I'm pushing aside the memory of my nightmare, pushing aside thoughts of Alex, pushing aside thoughts of Hana and my old school, push, push, push, like Raven taught me to do. The old life is dead. But the old Lena is dead too. I buried her. I left her beyond a fence, behind a wall of smoke and flame.
Lauren Oliver delivers an electrifying follow-up to her acclaimed New York Times best seller, Delirium. This riveting, brilliant novel crackles with the fire of fierce defiance, forbidden romance, and the sparks of a revolution about to ignite.
©2012 Laura Schechter (P)2012 HarperCollinsPublishers
Yes, but I didn't think I would at first. The storyline surrounding Lena in the wilds after the loss of Alex at the fence in the first book felt overly detailed and kind of dragged in places. However, it was a lot of good character development when I look back on it now and a lot of setup for the
I would compare this book to Matched. The dystopian society's had close to the same ideals. Girl chooses to follow her own path instead of the plan that society has set for her.
My favorite? There were a few that I don't want to spoil things by divulging. However, I felt the last hour or so of the book was probably the best.
Definitely looking forward to the third book in this trilogy.
After finishing PANDEMONIUM, I can definitely say -- Lauren Oliver knows how to leave you wanting more.
PANDEMONIUM avoids the sophomore slump often seen in trilogies, and instead gives us some of the rich character development so much of DELIRIUM was lacking. Lena grows in leaps and bounds, from the timid, obedient girl we left in the first book to a fearless, fierce young woman ready to handle any obstacle. She was so much easier to root this way.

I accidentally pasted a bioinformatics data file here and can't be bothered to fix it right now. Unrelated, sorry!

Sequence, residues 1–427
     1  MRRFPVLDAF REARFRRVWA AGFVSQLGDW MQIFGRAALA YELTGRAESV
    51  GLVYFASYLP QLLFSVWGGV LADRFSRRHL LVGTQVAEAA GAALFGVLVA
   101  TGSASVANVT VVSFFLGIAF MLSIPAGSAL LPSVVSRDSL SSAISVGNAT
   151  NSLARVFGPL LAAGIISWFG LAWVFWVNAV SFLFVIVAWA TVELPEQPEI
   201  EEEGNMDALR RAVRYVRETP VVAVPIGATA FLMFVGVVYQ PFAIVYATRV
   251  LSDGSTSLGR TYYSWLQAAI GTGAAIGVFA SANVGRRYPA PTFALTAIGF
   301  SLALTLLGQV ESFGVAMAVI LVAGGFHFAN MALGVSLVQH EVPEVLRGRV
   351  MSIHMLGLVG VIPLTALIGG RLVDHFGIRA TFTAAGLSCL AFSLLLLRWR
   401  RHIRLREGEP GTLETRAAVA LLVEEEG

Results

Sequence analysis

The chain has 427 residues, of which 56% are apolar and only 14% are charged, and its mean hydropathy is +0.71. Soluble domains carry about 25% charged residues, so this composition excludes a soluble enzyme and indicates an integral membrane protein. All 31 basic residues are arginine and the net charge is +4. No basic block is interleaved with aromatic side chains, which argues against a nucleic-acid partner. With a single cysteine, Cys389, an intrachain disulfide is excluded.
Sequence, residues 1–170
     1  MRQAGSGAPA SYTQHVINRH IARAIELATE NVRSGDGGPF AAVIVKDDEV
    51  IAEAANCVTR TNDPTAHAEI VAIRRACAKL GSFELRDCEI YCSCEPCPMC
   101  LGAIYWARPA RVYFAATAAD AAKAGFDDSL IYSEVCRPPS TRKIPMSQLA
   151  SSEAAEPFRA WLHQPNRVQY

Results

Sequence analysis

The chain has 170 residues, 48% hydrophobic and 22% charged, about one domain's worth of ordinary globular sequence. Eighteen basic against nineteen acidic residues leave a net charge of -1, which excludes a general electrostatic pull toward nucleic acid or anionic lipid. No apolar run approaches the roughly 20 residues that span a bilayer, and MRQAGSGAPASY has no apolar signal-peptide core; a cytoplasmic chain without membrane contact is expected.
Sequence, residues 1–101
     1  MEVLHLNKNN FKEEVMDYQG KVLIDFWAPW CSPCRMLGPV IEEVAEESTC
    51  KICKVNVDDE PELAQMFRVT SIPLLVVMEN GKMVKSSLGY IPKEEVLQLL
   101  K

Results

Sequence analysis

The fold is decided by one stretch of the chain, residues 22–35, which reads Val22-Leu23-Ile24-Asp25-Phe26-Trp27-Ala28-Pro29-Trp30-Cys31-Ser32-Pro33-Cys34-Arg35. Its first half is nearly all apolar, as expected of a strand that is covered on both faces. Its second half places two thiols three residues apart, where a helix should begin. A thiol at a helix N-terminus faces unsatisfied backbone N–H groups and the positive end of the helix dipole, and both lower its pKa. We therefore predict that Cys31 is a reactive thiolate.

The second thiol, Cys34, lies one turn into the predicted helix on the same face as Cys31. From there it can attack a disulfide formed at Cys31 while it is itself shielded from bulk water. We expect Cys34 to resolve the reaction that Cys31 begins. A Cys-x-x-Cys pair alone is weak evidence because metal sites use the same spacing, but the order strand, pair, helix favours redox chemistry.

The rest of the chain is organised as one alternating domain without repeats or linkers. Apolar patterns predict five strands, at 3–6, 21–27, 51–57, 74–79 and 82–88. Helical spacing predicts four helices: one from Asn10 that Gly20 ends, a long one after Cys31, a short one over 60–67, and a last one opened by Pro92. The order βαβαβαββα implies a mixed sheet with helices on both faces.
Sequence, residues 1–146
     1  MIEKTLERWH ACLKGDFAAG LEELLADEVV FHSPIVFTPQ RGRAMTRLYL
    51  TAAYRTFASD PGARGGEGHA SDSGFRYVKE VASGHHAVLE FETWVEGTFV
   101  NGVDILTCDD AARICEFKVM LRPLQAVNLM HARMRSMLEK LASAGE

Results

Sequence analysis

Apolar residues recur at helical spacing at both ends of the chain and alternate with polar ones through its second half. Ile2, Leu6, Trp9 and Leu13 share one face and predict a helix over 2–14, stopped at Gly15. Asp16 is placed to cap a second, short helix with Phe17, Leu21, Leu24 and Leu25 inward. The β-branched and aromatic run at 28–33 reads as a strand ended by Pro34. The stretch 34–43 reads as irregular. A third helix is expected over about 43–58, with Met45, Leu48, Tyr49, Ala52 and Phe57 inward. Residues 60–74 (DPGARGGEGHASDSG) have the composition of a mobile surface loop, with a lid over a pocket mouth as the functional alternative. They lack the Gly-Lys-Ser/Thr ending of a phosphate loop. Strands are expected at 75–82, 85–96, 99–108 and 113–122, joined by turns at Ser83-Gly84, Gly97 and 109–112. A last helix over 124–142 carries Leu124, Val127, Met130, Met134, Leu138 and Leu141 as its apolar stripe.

I can't really describe much of the plot without giving up too many details, but the book is divided into "then and "now", alternating telling the story of Lena's transformation in the Wilds and her work for the resistance movement. I've seen this style done a lot worse; its easy for this narrative device to become clunky, but Oliver pulls it off quite skillfully.
See the end of the review for my own plot device annoyance spoiler.
Again: Sarah Drew killed it. Love her voice, her mix of innocence and strength. Glad she's doing Oliver's new book as well!!
Pet peeve: This cover is so cheesy! This series deserves better. What is that plant? Why is it on the cover?
SPOILER: I feel like its an unwritten rule in books, movies, tv shows, when someone dies but you don't actually see/read a description of their dead body, they're not actually dead. So Alex returning on the last page of PANDEMONIUM was not as shocking as it was intended to be. And as well know, if you write a YA dystopia/fantasy without a love triangle, did you ever really write it at all?
Smoke me a kipper; I'll be back for breakfast.
The next installation in the Delirium series and I'm still really enjoying the story. The previous book ends with the possible death of the main character's love interest, which was brutal. I'm so lucky to not have to wait for the series to be written!